a Si.'een them vanishes. lesso'1 you will find the exact explanation of such concepts.uer UIC" the relation C(l . (he inle!llluit-nilar rorce bet1.'. and -'-'_.:. The ga8!!s occupy the shape and size of the container in which they are Iilled. give kinetic inerpretaiion of temperature and compute the mean kinetic energy of a gas. In this lesson yllu will study about the kinetic theory of gases which explain propel ties at' gases You will also study about the kinetic interpretation of temperature and the relationship between the kinetic energy of thc molecules and the temperature.l between the RMS velocity and the average velocity of molecules and establish their relationship with temperature: derive gas laws such as (a) Boyle's law. n.. (e) Pressuretemperature law.·. .11 PROPERTIES OF GASES 11. and Ie) Dalton's law. TI. .ce of two specijic heats ofgas. (b) Charle's law. all the matters art' f(ml1d in three states .-!s~~d.1 INTRODUCTION As you have studIed in the previoll» lessons. give reasonsfor the existan. OBJECTIVES After studying this lesson. Why the gases have two types of specific heats will also be answered tn this lesson. explian law of equipartition of energy. . This state of matter is said to be gaseous stale.'H. pressure and volume. and derfve the expressionfor pressure P = '3 pc 2 I - • • • • • • dlstinguis/. you should be able to: • • state the assumptions ofldnetic theory of gases.solid.. on the basis of kinetic theory oj gases. In the gaseous state the matters (substances) don't have definite shape and size.Jecollw completely free irum each other Le.2. For example when the temperature of gas is increased at constant volume. However.v. define them. 11.."Y is int'n". gases exhibit different properties. \\l1en the lnean lhernia! ener. (d) Avogadro's law.Cv = R/J.!. of partial pressure. After studying tlur. liquid and gas. its pressure insreases.(~ l"tll1H'~. Can you explain why? Though you may have feeling of such concepts. nw nH)k-\ ilks i. Under different conditions of temperature. they have enough chances to collide against each other.ey are composed or molecules. 111e molecules have certain inter-molecular for~t's and therm"l "Tlf'rt. wh .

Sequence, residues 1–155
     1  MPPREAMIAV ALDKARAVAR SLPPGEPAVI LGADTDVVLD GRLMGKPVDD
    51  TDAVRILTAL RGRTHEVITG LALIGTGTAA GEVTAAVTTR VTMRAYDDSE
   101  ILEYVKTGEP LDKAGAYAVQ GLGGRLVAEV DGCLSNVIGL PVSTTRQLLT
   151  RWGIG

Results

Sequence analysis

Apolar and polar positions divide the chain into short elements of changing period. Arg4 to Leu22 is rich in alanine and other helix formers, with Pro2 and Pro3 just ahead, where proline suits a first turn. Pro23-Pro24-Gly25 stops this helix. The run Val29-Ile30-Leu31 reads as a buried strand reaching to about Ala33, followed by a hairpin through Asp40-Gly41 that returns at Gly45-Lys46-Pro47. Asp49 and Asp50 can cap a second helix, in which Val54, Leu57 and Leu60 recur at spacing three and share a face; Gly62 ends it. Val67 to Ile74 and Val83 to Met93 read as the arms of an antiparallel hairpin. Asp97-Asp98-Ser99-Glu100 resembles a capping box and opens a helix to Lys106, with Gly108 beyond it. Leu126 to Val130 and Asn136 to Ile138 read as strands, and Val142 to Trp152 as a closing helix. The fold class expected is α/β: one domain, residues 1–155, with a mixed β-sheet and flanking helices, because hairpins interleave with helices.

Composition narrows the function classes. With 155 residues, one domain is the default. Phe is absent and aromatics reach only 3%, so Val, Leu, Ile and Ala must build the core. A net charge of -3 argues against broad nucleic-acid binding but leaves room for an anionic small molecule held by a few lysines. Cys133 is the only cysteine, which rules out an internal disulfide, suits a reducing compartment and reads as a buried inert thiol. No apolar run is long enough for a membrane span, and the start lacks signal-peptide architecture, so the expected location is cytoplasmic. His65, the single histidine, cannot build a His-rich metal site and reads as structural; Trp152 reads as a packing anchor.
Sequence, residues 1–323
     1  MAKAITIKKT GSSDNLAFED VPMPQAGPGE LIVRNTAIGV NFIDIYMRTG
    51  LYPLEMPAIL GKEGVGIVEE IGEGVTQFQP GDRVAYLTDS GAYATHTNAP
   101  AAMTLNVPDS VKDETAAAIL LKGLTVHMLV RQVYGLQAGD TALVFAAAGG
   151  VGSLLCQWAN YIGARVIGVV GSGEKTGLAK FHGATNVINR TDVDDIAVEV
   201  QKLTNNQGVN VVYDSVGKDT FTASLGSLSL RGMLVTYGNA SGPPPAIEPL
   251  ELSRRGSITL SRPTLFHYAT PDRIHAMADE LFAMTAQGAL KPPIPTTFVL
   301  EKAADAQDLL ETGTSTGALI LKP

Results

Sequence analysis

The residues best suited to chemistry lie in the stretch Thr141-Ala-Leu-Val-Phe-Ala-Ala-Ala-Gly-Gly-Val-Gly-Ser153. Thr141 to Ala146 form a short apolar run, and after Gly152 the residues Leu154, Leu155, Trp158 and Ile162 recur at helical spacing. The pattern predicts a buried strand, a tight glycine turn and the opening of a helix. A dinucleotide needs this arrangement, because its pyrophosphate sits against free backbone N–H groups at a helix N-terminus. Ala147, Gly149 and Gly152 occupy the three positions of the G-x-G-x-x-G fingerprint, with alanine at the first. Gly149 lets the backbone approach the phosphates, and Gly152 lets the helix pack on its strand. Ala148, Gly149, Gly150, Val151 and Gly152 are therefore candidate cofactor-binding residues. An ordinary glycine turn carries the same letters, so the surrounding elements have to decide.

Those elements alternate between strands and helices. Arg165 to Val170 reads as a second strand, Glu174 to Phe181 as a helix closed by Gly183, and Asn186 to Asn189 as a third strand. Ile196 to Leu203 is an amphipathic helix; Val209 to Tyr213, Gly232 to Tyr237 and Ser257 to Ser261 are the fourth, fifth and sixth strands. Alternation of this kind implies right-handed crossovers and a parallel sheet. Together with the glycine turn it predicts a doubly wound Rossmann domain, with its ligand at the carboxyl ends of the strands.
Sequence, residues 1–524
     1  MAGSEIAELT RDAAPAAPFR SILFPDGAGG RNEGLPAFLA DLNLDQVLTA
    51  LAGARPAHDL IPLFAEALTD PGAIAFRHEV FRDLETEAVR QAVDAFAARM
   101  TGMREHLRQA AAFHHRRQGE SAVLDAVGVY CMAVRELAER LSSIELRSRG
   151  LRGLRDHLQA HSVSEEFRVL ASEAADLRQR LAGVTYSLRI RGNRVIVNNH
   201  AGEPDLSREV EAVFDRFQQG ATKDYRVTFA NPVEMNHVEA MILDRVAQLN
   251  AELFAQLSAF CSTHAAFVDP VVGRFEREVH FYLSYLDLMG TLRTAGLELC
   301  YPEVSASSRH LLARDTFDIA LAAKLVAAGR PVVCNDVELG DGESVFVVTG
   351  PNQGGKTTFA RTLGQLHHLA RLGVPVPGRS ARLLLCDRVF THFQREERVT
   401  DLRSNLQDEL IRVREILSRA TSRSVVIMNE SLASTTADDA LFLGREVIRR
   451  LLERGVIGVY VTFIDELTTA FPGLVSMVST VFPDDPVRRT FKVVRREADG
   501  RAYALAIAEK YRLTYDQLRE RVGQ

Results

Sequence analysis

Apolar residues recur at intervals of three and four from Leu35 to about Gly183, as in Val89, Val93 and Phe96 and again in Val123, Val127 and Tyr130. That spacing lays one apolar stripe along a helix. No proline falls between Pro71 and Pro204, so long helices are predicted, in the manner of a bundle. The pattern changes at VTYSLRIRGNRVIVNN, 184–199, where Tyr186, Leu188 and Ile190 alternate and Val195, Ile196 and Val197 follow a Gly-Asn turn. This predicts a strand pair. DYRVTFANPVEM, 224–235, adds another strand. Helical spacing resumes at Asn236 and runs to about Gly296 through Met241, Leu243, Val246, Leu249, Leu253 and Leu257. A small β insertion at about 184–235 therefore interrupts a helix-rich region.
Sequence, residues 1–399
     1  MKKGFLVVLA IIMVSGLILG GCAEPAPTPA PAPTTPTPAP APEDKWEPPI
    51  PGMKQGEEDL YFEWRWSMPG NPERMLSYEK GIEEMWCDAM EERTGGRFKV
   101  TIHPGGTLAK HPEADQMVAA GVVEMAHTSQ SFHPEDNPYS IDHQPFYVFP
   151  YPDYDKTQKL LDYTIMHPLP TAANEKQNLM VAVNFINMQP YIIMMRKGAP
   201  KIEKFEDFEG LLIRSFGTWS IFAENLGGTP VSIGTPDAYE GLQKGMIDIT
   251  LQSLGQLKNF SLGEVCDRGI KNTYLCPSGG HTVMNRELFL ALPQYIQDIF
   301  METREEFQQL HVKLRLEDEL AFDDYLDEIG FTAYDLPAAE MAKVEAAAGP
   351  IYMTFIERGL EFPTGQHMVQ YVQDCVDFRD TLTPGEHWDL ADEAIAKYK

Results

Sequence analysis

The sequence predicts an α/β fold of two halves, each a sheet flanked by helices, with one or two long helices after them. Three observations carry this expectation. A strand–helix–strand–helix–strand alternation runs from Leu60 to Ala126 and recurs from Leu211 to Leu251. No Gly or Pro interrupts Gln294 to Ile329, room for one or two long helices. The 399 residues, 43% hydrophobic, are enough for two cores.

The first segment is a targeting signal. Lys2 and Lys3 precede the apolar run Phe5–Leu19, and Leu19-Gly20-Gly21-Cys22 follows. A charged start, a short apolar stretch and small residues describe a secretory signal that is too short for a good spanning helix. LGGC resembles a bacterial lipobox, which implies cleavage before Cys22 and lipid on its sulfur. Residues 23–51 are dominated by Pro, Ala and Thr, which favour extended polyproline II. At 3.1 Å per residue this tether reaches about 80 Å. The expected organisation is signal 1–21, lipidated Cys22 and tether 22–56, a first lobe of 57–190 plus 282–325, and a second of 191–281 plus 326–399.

Macroscopic simply means. Each of these molecules show the characteristic properties of the substance of which it is a part. Microscopic on the other hand is confined to quantItI~ concerning with individual molecule.3. This motion of molecules is random. the molecules of velocities making collisions for a short ttme with each other and with the Wa1I. The klnetIc theory makes assumptions. The kinetic theory'of gases attempts to relate the macroscopic properties such as pressure. John Dalton in 1803 wade use of this concept of matter that is.solume and temperature of an ideal gas with its iDtcroscopic properties such as speed and mass of its molecules. Now let us see how a gas fills a container. v) the time taken in a colission is negligible as compared to the time interval by a molecule between two successive collisions. At this potnt the terms macroscopic and microscopic need a little elaboration. Later it was found that the molecules of substance ~ in constant motion. This led to the development of kinetic theory of matter. According to the kinetic theory of gases. The coheSive force (which binds molecules together) between the particles of matter which constitutes a gas is thus extremdy small. 214 . certain 11. (1) a gas consists of a very large number of small molecules which are considered to be rigid. The kinetic theory has been developed in the case of gases. It is due to this -reason that a gas fills a container completely in which it is kept. The mathematical basis of the kinetic theory of gases was established by Maxwell and Clausius. pertaining to a whole assembly of a large number of molecules. matter is composed of large number of molecules.Physics n.1 Assumption of Kinetic Theory of Gases Clark Maxwell in 1860 showed that the well known properties of a gas can be explained on the basis of certain assumptions which are called as the assumptions of kinetic theory of gases.s of the container and rebounding from them. tv) 'between collisions the molecules move in a straight line with uni- form velocity. In a gas the molecules are so far apart from each other that there is little intermolecular attraction.ble as compared to the volume occupied by the gas.3 KiNETlC THEORY OF GASI!:S We arealreaily aware that matter is composed of very large number of atoms and molecules. and identical in all respects and moving with all possible veloc1tIes in all possible directIons the intermolecular forces are negligible. (Ii) the collisions between the molecules and against the walls of con- tainer are perfectly elastic (tIi) the volume of the molecules themselves is negl1gl.